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Archaic Korai

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Overview

"What were the function and significance of the ancient Greek marble statues of maidens known as korai? Whom were they supposed to represent? The author addresses these questions on the basis of her exhaustive research." "Between the seventh and fifth centuries B.C., these statues, carved with extreme skill, were widely distributed across the Greek world. They could be found in both sanctuaries and cemeteries. They were discovered in astonishing numbers on the Akropolis in Athens, where on a January day in 1886 excavators uncovered no fewer than
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Overview

"What were the function and significance of the ancient Greek marble statues of maidens known as korai? Whom were they supposed to represent? The author addresses these questions on the basis of her exhaustive research." "Between the seventh and fifth centuries B.C., these statues, carved with extreme skill, were widely distributed across the Greek world. They could be found in both sanctuaries and cemeteries. They were discovered in astonishing numbers on the Akropolis in Athens, where on a January day in 1886 excavators uncovered no fewer than fourteen of them in the presence of Greece's king, George I. Following that find, scholars began to focus increased attention on these impressive sculptures of young women dressed in elaborate, often brightly painted costumes, richly adorned with jewelry, and holding attributes in their hands." "Any number of studies have attempted to place the korai in their proper chronological sequence and analyze their style, so as to be able to ascribe them to particular art production centers if not specific artists. Yet to this day, no one has managed to explain why such statues were created. In her search for answers, the author takes an approach that sets her apart from earlier scholars. She first presents all the known korai in photographs, some of them in color and published here for the first time. She then describes their various features in detail and summarizes her findings in a comprehensive series of tables." On the basis of the resulting catalogue, she attempts to determine just where each kore was originally placed and to discover its historical and cultural context. Finally, she offers answers to the crucial questions. She explains who the korai were and what they meant. She also examines the motives of the people who commissioned such splendid figures and discusses their position in Greek society.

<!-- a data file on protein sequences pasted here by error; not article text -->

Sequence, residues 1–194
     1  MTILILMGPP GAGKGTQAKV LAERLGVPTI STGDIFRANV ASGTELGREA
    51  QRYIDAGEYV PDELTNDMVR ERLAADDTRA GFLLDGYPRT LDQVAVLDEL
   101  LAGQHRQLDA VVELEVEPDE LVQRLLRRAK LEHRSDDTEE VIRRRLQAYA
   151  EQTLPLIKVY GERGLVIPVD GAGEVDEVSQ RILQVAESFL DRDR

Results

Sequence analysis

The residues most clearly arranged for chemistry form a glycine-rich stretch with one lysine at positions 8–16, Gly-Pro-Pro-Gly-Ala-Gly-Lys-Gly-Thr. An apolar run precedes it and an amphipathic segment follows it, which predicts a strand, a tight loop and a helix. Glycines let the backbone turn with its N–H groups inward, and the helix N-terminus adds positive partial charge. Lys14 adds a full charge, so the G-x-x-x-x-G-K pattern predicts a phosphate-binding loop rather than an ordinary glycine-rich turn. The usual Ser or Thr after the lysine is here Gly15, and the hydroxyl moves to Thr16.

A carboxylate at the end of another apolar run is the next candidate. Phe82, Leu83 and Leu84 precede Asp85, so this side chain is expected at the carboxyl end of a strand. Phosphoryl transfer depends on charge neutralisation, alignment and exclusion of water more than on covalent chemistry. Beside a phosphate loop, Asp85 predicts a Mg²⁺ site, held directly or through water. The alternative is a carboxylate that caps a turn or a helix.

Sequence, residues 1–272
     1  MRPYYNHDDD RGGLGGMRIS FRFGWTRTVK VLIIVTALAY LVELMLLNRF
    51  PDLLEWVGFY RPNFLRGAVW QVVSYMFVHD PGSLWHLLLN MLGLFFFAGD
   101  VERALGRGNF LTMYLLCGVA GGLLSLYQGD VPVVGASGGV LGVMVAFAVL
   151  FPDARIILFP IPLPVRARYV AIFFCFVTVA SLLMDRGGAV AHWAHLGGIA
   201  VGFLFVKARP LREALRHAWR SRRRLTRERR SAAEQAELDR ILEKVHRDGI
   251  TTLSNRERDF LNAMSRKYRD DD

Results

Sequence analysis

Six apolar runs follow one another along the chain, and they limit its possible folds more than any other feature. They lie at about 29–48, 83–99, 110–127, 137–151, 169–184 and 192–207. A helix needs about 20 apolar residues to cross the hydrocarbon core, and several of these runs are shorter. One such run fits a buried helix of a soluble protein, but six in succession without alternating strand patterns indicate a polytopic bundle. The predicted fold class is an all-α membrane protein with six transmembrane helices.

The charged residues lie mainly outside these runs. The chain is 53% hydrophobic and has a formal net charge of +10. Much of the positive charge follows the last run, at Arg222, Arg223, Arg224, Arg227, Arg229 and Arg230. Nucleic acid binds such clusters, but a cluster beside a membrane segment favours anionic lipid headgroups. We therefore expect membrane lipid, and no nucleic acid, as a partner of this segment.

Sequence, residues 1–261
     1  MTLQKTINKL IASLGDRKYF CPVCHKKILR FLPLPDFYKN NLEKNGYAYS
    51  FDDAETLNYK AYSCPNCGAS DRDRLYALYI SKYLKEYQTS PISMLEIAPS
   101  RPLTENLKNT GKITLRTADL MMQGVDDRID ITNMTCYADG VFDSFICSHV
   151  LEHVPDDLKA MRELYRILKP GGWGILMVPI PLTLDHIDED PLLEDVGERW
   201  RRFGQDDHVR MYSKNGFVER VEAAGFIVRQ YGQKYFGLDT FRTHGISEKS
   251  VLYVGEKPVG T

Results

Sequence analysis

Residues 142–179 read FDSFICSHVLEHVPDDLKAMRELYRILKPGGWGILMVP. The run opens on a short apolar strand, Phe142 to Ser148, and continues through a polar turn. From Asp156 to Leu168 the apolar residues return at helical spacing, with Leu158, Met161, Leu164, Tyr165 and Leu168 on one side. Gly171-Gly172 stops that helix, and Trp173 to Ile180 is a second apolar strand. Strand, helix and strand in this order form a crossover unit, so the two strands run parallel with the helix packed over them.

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Product Details

Table of Contents

Acknowledgments 9
Introduction 11
Samos 13
Didyma and Miletus 35
Theangela 54
Klaros 56
Erythrai 59
Klazomenai 63
The "Rhaidesto" Kore 65
Delos 67
Naxos 79
Andros 80
Thera 81
Paros 82
Amorgos 90
The Cyclades 91
Thasos 96
Chios 99
Kyrene 102
Aigina 109
Rhodes 113
Attica 115
The Agora of Athens 142
Boeotia 144
Afterword 146
Appendix 149
Plates 191
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  • Anonymous

    Posted May 9, 2014

    This Splendid Book is a Must Have

    This splendid book is a must have for anyone who loves Ancient Greek sculpture. All the known Archaic maidens (korai) are featured in numerous photographs including many excellent color plates. Almost every aspect of the korai is covered except, oddly enough, their clothing which is a major aspect of these works of sculpture. Although it was not meant as a replacement for Gisela M.A. Richter's 1968 catalog of korai, so much more material is featured here it would have been nice to have a catalog with simple entries. As it is, basic information about any particular kore is scattered throughout the book. I do agree most strongly with the author's conclusion that the figures were portraits of young women.

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